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A large prospective population based study in young people has confirmed that using cannabis risks psychosis developing later—greatly for those susceptible to psychosis and moderately for others. It also provides evidence that using cannabis might cause psychosis and is not just a consequence of it.
Young people using cannabis at baseline in the study were more likely to have psychotic symptoms four years later (odds ratio (OR) 1.67), after adjustment for a slew of confounding factors. The likelihood of having any psychotic symptoms rose with frequency of use in a dose–response way, from 0.99 for use less than once a month to 2.23 for almost daily use. The adjusted difference in risk of psychosis with cannabis use was 23.8% for young people predisposed to psychosis but 5.6% for the rest. Predisposition to psychosis at baseline, however, did not significantly affect use of cannabis during the next four years (OR 1.42).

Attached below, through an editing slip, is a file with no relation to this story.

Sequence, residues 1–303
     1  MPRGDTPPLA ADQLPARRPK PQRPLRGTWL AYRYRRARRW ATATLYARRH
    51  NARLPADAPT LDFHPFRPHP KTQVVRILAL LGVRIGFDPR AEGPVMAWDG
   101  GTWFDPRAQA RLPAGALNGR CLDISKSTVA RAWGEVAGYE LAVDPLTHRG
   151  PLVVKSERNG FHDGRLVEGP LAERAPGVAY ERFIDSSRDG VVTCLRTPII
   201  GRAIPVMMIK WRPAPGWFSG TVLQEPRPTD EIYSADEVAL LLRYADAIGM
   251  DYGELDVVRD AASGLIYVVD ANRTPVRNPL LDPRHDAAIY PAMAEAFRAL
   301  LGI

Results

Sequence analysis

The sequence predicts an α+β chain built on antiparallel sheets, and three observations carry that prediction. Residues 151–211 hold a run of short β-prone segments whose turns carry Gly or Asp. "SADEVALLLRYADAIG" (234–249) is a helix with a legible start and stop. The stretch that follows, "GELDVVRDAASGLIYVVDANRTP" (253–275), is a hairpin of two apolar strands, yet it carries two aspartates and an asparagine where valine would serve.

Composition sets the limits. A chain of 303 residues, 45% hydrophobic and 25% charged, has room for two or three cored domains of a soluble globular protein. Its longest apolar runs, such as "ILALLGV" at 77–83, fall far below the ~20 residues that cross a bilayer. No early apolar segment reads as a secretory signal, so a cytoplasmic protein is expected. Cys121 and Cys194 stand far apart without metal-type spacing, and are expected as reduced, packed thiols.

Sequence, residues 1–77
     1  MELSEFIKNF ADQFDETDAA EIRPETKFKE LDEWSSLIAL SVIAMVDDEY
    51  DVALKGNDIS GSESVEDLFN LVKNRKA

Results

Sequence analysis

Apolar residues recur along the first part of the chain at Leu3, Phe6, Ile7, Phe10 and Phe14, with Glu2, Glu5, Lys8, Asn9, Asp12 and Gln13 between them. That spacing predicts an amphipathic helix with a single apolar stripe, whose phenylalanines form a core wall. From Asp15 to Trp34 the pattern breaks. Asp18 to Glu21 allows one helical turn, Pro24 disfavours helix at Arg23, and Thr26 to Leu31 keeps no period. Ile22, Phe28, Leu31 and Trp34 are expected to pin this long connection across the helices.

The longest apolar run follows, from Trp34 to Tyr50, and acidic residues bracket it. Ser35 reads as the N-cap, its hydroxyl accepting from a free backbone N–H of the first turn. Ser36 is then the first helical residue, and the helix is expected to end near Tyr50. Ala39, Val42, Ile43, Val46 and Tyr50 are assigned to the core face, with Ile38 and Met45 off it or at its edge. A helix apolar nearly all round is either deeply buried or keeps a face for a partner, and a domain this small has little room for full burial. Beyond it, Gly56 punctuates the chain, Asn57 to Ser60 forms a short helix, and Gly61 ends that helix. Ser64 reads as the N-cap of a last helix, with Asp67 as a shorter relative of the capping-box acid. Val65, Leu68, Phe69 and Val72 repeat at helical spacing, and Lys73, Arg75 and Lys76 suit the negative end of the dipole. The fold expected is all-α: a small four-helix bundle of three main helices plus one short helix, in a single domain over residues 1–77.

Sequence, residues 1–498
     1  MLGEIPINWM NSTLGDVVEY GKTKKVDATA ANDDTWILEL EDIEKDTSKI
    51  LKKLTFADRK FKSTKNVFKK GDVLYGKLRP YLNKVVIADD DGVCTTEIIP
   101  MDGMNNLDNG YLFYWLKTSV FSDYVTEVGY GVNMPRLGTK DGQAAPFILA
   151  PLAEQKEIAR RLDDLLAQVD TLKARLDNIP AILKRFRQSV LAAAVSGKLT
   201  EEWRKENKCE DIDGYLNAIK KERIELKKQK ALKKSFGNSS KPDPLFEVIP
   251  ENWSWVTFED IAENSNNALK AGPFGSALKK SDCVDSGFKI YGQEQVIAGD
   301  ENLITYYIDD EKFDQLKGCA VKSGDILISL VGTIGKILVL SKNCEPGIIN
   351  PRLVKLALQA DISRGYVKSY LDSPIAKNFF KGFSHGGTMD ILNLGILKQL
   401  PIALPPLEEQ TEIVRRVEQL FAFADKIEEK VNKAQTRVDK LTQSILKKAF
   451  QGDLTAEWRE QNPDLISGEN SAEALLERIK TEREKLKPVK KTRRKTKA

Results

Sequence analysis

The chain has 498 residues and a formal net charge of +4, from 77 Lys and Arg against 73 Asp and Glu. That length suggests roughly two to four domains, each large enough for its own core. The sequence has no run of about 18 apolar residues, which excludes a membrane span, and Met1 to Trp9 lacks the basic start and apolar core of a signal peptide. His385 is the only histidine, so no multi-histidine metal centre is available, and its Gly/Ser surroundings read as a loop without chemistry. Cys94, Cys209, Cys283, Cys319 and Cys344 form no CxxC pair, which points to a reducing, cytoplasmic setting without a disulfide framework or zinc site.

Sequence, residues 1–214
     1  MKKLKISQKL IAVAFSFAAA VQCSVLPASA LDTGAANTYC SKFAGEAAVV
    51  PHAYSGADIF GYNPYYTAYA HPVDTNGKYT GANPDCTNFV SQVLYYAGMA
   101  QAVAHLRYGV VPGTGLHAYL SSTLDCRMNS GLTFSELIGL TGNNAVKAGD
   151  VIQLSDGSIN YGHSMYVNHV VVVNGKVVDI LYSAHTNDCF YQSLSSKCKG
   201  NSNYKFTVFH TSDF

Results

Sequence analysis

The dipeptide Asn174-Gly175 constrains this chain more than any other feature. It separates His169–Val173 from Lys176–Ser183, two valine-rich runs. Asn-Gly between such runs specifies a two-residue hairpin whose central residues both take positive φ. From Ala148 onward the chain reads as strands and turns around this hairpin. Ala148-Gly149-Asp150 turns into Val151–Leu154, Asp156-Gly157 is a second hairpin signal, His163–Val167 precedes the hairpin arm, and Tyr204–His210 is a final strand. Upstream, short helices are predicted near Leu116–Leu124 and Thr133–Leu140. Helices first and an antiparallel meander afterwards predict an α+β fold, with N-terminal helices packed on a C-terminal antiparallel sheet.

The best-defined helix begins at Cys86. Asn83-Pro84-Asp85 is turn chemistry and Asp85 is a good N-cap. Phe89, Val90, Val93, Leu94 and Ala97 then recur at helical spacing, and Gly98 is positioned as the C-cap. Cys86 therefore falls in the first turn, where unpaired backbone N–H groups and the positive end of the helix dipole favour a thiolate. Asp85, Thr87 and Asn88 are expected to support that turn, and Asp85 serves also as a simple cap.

The study analysed data on 2437 young people aged 14–24 years who were part of the random regional representative population sample in the prospective early developmental stages of psychopathology study (EDSP) in Munich, Germany.
Whether using cannabis causes psychosis has been disputed, some arguing that predisposition to psychosis may be the driving force to taking up the drug, rather than cannabis causing psychosis to be expressed. This—the first prospective study to research the issue—suggests that cannabis may be the culprit.
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